BY RICK JACKSON
Anyone who wants to see a different kind of comedy where the two main stars act like comic foils in situations which, in all honesty, wouldn't work otherwise will be surprised.
Channing Tatum and Jonah Hill are not the comic side of Danny Glover and Mel Gibson in the Lethal Weapon movies, but their mannerisms and penchant to be funny works in the strangest predicaments, even if they border on the crude side. I still found it amusing, as did the other moviegoers sitting across from me. They often were besides themselves and, for a change, the crude humour wasn't as offensive, despite one sequence near the end which I won't reveal.
Waiting until after the weekend to do this review, I wanted to see how well it did at the box office which I don't usually do. There is a reason for its success which I won't divulge because I don't believe in adding spoilers in my reviews. If you know anything about the TV series, you probably can figure it out. What I will tell you, it all saves the film from being a waste of time and elevates 21 Jump Street to a level above the average comedy featuring crude humour.
The screenplay by Michael Bacall, from a story by Bacall and Jonah Hill, it opens as two young cops, Schmidt and Jenko (Tatum and Hill) are recruited for a special program where they go undercover at the place of the film's title. As they go about their business to find the supplier of drugs to the neighbourhood,they find themselves in situations not unlike the old Police Academy series from the 1980s but without Michael Winslow.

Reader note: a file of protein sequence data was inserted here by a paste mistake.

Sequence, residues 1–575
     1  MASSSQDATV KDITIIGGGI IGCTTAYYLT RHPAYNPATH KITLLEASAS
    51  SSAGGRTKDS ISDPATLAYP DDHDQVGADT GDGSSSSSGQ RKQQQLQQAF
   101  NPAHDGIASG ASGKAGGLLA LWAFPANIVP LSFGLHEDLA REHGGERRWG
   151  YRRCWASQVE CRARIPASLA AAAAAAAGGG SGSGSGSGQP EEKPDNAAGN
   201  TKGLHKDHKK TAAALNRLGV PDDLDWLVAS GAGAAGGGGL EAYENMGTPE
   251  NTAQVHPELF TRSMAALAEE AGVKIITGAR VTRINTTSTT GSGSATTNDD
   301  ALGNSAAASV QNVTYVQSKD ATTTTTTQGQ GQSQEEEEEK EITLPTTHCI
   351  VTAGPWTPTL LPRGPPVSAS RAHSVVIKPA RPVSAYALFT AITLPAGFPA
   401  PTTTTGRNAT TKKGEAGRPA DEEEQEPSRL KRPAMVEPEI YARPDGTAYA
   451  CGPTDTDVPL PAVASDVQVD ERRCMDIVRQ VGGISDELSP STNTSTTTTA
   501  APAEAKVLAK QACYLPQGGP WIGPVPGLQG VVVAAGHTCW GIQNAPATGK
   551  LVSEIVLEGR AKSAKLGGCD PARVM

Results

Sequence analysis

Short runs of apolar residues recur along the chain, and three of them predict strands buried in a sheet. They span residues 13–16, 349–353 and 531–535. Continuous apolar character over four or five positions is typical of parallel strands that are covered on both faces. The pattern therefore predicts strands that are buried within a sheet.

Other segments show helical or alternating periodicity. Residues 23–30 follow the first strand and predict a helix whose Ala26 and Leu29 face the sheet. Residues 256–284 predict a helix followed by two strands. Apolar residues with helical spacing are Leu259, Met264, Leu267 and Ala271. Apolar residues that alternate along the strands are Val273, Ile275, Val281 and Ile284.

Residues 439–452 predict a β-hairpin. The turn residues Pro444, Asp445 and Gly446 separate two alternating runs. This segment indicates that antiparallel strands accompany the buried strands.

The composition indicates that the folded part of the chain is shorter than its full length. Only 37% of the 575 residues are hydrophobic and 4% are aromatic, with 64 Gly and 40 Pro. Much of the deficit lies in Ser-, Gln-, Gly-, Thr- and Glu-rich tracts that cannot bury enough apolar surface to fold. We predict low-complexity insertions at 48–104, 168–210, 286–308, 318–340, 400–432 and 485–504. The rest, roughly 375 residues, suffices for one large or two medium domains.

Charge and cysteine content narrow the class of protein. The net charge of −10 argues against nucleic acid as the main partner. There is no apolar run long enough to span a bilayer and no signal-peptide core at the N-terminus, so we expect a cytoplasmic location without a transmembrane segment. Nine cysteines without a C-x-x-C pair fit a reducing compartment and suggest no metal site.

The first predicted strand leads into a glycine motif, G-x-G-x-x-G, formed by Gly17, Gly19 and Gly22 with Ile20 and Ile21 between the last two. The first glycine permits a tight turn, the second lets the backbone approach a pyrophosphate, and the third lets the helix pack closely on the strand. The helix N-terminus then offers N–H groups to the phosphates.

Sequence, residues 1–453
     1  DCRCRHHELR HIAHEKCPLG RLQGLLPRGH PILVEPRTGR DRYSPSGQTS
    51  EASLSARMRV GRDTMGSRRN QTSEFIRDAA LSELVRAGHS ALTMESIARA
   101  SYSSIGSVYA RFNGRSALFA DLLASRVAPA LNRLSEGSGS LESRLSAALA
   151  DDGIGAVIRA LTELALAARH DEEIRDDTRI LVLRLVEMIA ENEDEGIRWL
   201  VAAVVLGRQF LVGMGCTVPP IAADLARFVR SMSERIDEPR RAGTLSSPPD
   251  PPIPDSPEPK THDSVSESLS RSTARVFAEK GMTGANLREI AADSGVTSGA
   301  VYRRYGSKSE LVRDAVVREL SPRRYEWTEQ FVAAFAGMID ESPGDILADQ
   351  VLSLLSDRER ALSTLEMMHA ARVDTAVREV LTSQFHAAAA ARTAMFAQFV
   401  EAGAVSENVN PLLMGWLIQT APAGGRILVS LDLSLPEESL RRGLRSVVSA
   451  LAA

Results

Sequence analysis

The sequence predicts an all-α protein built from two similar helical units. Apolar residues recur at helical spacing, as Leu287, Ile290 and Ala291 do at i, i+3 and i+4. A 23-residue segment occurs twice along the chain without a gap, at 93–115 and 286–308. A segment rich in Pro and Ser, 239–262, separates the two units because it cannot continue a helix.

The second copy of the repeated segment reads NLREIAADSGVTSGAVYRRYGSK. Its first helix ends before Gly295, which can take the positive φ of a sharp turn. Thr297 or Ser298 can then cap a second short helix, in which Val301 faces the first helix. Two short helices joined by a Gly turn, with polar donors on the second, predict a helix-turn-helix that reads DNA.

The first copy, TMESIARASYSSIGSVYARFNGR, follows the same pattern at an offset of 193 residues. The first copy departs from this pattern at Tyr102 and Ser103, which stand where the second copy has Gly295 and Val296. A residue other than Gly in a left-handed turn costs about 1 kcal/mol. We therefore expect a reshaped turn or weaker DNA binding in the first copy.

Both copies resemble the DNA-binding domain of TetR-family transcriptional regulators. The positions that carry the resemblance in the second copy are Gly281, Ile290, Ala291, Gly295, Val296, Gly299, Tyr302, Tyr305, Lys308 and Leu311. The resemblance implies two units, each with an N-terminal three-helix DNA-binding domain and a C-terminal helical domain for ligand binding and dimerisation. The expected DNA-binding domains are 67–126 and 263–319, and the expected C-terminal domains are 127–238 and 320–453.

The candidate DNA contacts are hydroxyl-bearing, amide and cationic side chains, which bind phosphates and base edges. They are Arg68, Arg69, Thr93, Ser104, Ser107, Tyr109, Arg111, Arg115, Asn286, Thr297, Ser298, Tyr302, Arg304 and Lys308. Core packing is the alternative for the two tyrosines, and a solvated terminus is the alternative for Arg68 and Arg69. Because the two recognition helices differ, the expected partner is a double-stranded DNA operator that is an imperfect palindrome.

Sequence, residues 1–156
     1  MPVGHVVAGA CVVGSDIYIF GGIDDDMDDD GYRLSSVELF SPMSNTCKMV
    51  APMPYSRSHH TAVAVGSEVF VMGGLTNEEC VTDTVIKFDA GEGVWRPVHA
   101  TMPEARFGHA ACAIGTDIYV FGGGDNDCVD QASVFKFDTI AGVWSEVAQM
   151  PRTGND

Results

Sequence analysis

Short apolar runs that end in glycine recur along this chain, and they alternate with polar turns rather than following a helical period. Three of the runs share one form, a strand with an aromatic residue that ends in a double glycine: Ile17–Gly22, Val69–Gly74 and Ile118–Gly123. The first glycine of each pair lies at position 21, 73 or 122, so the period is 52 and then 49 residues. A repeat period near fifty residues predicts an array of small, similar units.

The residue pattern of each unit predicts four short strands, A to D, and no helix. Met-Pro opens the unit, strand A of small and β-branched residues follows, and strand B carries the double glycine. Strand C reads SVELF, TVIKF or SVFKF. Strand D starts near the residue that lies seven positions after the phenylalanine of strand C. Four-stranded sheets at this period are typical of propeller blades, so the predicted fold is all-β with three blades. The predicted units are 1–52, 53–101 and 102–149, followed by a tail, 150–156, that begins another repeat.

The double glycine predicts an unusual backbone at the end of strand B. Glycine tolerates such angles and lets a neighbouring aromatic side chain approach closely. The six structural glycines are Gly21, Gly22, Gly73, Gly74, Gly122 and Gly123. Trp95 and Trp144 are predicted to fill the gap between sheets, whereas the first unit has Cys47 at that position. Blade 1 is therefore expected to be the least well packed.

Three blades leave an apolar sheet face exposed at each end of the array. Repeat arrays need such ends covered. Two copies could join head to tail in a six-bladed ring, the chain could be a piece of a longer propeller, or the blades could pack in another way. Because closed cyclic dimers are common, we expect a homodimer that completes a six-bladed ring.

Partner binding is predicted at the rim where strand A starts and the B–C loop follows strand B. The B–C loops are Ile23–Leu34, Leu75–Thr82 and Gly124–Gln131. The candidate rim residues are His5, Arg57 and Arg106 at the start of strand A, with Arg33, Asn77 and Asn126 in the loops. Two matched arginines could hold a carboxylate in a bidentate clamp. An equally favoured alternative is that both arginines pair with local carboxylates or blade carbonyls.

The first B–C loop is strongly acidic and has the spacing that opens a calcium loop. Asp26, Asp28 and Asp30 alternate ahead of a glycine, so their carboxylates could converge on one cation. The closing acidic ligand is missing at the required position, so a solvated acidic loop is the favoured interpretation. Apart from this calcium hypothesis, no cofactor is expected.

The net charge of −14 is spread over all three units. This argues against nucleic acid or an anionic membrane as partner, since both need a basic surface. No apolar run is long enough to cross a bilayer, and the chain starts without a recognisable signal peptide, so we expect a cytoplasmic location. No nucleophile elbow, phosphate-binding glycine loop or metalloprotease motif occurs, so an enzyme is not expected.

True, there are moments which may make shake your head but it this a comedy and you be ready to laugh and believe it or not, there are some guaranteed to tickle your funnybone.
The rest of the cast almost looks like they came from another planet. Their behaviour is outrageously seriously purporting to make you feel like chuckling as some did at the matinee I attended.
What is funny is the stage production of Peter Pan the school puts on. It is reminiscent of the 1935 version of A Midsummer Night's Dream where the entire cast of actors, ie. James Cagney and Mickey Rooney, looked funny in their outfits. In Peter Pan it is all awkward and comical when the actual show finally goes on and there is a Marx Brothers entrance by our two heroes when they arrive. It is still not up to par when I remember A Night At The Opera (1935) but that was then, this is now.
Brie Larson adds something extra as Molly Tracey, the requisite sweet girl, and Ice Cube is well cast, despite being a little over the top as Captain Dickson. His scenes are also predictable as is the climax, but this is a comedy.
Here is a decent movie spinoff from a TV series with a cameo that will help sell the film and make it a respectable hit for how long, I don't know.
It is rated 14A, with the warnings: coarse language, sexual content and substance abuse.
March 18, 2012
Copyright Rick Jackson 2012